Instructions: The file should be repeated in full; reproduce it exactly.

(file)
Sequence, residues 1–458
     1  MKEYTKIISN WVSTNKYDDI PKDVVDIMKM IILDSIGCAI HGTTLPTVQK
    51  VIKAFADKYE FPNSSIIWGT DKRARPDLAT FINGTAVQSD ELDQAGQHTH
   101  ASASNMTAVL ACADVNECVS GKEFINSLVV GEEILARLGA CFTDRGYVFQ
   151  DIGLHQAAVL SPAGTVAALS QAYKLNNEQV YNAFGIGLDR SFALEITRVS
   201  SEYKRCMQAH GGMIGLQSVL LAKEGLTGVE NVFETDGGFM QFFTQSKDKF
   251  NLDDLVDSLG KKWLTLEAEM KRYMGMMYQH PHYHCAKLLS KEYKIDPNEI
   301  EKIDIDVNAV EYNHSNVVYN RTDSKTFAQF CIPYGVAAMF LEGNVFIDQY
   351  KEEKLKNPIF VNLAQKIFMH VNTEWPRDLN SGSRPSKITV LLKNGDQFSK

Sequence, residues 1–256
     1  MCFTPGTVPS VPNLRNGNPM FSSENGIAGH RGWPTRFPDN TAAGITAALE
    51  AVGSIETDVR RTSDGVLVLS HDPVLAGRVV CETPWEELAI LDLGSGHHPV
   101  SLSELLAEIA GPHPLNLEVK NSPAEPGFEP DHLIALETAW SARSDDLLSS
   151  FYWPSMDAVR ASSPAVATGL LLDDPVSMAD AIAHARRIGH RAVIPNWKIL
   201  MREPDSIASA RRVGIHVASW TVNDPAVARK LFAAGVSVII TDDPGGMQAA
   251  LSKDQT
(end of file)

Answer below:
Sequence, residues 1–458
     1  MKEYTKIISN WVSTNKYDDI PKDVVDIMKM IILDSIGCAI HGTTLPTVQK
    51  VIKAFADKYE FPNSSIIWGT DKRARPDLAT FINGTAVQSD ELDQAGQHTH
   101  ASASNMTAVL ACADVNECVS GKEFINSLVV GEEILARLGA CFTDRGYVFQ
   151  DIGLHQAAVL SPAGTVAALS QAYKLNNEQV YNAFGIGLDR SFALEITRVS
   201  SEYKRCMQAH GGMIGLQSVL LAKEGLTGVE NVFETDGGFM QFFTQSKDKF
   251  NLDDLVDSLG KKWLTLEAEM KRYMGMMYQH PHYHCAKLLS KEYKIDPNEI
   301  EKIDIDVNAV EYNHSNVVYN RTDSKTFAQF CIPYGVAAMF LEGNVFIDQY
   351  KEEKLKNPIF VNLAQKIFMH VNTEWPRDLN SGSRPSKITV LLKNGDQFSK

Sequence, residues 1–256
     1  MCFTPGTVPS VPNLRNGNPM FSSENGIAGH RGWPTRFPDN TAAGITAALE
    51  AVGSIETDVR RTSDGVLVLS HDPVLAGRVV CETPWEELAI LDLGSGHHPV
   101  SLSELLAEIA GPHPLNLEVK NSPAEPGFEP DHLIALETAW SARSDDLLSS
   151  FYWPSMDAVR ASSPAVATGL LLDDPVSMAD AIAHARRIGH RAVIPNWKIL
   201  MREPDSIASA RRVGIHVASW TVNDPAVARK LFAAGVSVII TDDPGGMQAA
   251  LSKDQT